A 12-year-old girl died on Sunday after the snow fort she was playing in collapsed on her and a 9-year-old friend, the Chicago Tribune reports.
The two girls were playing near Rothem Church in Arlington Heights, Ill., while their parents were inside at church services. They dug the fort together in a snowbank, ABC6 reports.
When the girls hadn’t returned about an hour later, the parents went outside and found the collapsed fort, and immediately called for help. The 12-year-old suffered cardiac arrest, and was later pronounced dead. The Cook County Medical Examiner’s office identified her as Esther Jung, a resident of Elk Grove Village.
The 9-year-old girl was treated for hypothermia, and remains in an area hospital. According to Sgt. Charles Buczynski, she is expected to survive.
“It’s just a tragic accident,” Buczynski said. The Tribune reported it was about 14 degrees in Arlington Heights while the girls were outside. Last year, a 12-year-old Canadian girl died when a snow fort collapsed on her.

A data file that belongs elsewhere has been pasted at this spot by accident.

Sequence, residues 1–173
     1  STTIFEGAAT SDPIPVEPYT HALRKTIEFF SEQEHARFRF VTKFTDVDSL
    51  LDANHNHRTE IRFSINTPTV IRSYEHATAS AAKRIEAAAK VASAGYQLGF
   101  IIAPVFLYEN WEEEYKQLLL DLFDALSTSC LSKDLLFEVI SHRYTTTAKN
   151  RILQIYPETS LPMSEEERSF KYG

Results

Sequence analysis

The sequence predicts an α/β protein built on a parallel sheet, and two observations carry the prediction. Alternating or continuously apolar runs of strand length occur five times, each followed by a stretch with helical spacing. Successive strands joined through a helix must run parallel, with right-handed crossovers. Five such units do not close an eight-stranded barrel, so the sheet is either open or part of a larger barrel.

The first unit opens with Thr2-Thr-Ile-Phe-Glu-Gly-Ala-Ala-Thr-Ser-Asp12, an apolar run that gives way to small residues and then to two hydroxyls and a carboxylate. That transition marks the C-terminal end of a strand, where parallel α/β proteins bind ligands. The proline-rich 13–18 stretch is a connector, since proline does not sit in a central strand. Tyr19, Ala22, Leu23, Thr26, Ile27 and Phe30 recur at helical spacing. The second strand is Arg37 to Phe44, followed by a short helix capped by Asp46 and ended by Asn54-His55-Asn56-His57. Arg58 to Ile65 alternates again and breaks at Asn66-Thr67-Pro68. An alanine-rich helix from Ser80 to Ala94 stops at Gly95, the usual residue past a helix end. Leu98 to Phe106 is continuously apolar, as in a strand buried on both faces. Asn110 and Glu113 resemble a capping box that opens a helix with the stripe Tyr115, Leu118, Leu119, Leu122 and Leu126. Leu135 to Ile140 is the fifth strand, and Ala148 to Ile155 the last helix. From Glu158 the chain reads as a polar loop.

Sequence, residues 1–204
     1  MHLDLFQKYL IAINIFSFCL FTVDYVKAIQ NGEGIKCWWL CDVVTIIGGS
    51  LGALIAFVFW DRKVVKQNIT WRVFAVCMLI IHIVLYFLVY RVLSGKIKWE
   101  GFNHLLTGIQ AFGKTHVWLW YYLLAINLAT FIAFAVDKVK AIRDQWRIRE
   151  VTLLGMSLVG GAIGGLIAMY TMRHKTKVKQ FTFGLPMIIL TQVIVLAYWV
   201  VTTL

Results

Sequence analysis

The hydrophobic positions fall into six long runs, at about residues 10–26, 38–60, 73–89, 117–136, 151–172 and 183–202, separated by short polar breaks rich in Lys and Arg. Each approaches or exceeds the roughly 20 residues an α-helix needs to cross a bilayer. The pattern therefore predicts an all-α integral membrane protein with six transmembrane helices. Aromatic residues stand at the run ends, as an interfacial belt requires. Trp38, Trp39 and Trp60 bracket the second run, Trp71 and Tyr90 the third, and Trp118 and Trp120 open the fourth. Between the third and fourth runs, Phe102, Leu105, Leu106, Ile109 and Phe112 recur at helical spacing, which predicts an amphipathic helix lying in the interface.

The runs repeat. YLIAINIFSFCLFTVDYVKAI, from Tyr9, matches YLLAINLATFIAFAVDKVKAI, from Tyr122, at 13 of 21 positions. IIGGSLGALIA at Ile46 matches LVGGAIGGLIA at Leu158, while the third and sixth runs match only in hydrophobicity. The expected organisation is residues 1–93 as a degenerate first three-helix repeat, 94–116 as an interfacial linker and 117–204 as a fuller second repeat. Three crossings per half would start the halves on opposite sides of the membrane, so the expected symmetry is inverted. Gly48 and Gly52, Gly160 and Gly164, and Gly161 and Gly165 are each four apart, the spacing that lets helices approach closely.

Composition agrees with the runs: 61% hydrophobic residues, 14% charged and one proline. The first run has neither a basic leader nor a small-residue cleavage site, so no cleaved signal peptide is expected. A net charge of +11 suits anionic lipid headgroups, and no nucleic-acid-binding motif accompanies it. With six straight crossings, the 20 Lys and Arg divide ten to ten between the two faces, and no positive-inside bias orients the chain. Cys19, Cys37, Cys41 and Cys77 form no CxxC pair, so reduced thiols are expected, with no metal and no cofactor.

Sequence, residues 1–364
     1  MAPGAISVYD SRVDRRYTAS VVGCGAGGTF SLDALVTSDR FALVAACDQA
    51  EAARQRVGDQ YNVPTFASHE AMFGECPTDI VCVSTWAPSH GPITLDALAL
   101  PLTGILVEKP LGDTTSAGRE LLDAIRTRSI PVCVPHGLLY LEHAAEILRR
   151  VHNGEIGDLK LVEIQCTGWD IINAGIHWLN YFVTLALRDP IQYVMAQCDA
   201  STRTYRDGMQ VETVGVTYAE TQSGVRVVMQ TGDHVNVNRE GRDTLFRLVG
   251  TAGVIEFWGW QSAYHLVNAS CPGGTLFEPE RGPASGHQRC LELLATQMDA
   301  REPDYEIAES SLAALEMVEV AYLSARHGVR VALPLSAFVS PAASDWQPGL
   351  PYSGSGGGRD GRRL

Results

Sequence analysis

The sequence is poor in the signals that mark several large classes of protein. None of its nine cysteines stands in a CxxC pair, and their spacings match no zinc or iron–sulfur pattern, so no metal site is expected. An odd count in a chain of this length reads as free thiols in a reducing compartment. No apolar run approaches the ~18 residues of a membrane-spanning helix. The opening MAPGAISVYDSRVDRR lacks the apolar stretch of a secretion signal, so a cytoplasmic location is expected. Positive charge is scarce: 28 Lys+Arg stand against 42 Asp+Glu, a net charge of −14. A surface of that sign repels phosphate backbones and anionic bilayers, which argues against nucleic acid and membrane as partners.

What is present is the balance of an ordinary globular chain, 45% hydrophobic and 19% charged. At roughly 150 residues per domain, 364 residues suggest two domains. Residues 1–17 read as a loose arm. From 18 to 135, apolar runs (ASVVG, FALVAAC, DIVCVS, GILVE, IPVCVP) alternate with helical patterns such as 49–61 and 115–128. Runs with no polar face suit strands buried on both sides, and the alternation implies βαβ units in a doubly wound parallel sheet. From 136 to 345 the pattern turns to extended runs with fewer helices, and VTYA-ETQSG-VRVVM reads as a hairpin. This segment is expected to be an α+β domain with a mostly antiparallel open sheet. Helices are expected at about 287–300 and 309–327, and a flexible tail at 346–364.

The American Academy of Pediatrics warns about hypothermia, frostbite, and injuries commonly incurred while sledding, skating, skiing, snowboarding, or snowmobiling. However, they don’t provide any information on snow fort collapses.
“It is totally understandable that kids would want to play and make forts and tunnels in the biggest pile of snow they can find, and the biggest pile of snow is probably where the trucks are dumping it,” Kyran Quinlan, M.D., MPH, associate professor and section director of General Pediatrics at Rush University Children’s Hospital in Chicago, told Parents.com. “To reduce the risk, municipalities could do what they can to make sure that no children are playing in the places where trucks are dumping snow that is removed. And families can try to guide children to avoid playing anywhere near where the trucks are dumping the snow.”
Despite the tragic circumstances, experts say it’s no reason to discourage children from playing outside and enjoying the winter season. “The vast majority of kids who build snow forts and tunnels will be safe,” he added. “I hope this event is not seen as a reason to stay inside in the winter, or not dig and play in the snow.”